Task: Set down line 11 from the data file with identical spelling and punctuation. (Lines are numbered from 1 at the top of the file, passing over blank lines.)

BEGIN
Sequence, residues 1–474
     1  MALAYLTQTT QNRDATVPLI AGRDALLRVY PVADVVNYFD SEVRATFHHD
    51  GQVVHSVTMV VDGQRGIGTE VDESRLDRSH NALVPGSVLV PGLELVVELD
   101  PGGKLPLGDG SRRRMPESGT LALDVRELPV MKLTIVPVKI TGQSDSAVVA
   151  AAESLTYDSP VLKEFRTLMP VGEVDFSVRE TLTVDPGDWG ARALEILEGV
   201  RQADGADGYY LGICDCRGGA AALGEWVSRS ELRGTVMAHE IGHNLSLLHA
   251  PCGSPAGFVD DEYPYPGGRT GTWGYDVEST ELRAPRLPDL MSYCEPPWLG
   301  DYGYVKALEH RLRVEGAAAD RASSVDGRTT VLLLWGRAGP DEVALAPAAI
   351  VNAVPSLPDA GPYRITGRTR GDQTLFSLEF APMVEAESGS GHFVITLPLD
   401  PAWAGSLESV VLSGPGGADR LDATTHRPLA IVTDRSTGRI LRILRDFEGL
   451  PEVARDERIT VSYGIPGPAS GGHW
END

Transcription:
   451  PEVARDERIT VSYGIPGPAS GGHW